Though there are many cross-sectarian opposition groups in exile who oppose what they see as a US- and Iran-instigated political process that they say has subverted Iraqi sovereignty since 2003, parties including the IIP and those controlled by Osama al-Nujaifi, Saleh al-Mutlag and others have long been ardent supporters of the political process. As a result, many of these figures have been rewarded with government posts within the Green Zone.
Nevertheless, this has rarely placated Baghdad’s dominant Shia Islamists. Former Vice-President Tariq al-Hashimi – a former IIP leader – was forced to flee the country in 2011 after then-Prime Minister Nouri al-Maliki attempted to have him arrested on what many believe to be politically motivated terrorism charges. He was subsequently sentenced to death in absentia, and has now largely been excised from the domestic Iraqi political scene.
With IS attacks on the rise in western Iraq, leading to an increased US troop presence and military engagement, there are fears that the symptoms that led to the rise of IS will persist. IS are now also extensively striking economic targets, including electricity pylons and oil pipelines, showing that they are already adapting to the requirements of guerrilla warfare and shifting away from attempting to hold territory. By alienating Sunni Arabs further, Baghdad risks failing to tackle IS.
|Children play in a junkyard in Najaf on the second day of Eid celebrations [AFP]|
Customary ‘Death to America’ missing from Quds Day
The Shia-dominated PMF, or Hashd al-Sha’abi in Arabic, is also further demonstrating its power in the Iraqi capital. As the Iran-inaugurated “Quds Day” demonstrations took place in Tehran and Baghdad on Friday, the Tehran-backed PMF took to the streets to show off their military hardware.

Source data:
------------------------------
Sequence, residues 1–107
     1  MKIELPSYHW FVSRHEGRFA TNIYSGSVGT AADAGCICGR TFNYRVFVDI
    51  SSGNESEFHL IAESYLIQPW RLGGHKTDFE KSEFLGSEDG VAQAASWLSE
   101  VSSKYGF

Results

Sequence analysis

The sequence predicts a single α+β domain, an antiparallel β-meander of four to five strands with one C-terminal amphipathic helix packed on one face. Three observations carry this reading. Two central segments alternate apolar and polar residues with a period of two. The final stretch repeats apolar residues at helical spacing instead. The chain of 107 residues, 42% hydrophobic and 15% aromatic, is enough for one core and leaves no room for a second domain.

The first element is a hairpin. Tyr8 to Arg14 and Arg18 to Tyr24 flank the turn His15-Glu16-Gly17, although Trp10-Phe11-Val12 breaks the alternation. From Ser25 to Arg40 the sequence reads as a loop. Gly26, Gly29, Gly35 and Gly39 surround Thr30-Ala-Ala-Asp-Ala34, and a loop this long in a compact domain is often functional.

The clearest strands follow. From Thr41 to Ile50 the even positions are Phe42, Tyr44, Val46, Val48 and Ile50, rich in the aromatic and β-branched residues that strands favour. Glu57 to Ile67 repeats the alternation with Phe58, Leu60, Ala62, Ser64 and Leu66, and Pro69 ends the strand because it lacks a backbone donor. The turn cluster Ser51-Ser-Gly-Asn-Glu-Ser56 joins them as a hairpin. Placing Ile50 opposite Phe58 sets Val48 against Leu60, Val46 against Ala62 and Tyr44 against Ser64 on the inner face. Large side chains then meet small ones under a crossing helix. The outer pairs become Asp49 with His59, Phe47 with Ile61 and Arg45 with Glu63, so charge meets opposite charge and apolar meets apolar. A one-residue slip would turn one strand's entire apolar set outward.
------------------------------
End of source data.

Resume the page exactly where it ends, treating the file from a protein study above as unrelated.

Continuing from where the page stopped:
Although it is customary to chant “Death to America!” and “Death to Israel!” while burning the flags of both as a sign of protest against the occupation of Palestine, the former was notably missing from the parade. Instead, only Israeli flags were set ablaze, with threats directed towards the “Zionist entity” rather than the “Great Satan”, as America is customarily dubbed by Shia Islamist groups linked to Iran.
This has been a notable trend in Iraq over the past three years, as the United States has become increasingly instrumental in propping up Baghdad and Iranian proxies in the country. While Tehran and Washington differ in other strategic theatres, in Iraq they appear to have worked together extensively to provide economic, political and military support to the Green Zone. This led to Arab media commentators questioning in 2015 how Iran-backed groups justified receiving air support from the “Great Satan” in their operations against IS.
As a further sign of US support for the Iraqi authorities, Secretary of State Rex Tillerson was reported on Saturday as moving forward in efforts to remove Iraq from a blacklist of states that recruit child soldiers. Tillerson’s decision to whitelist Iraq is apparently at odds with the advice given to him by State Department officials, as Iraq had reportedly not yet done enough to prevent children from being recruited by militant organisations, including the PMF, who are now officially part of the Iraqi armed forces.
International human rights organisations, including Human Rights Watch, said that Tillerson’s decision “undermines US law”, and highlighted State Department reports that concluded at least a dozen children had been killed fighting with a Baghdad-affiliated militia in 2016.
According to US law, the State Department is required under the Child Soldiers Prevention Act to annually identify and list governments that recruit or use child soldiers, HRW said. The New York-based NGO further confirmed that government PMF militants “have recruited and used children to fight Islamic State forces”. Despite this, former President Barack Obama introduced a waiver that allowed military support totalling $3 billion to be sent to Baghdad in 2016 alone, which HRW said undermined both the law and the rights of children.
Children may be paying the price of the United States and Iran continuing to find common ground in Iraq, which also comes at the expense of cross-sectarian political reconciliation efforts. This may not only doom the political process to failure, but could also act as a catalyst to reviving IS or perhaps creating even more destructive organisations in the future.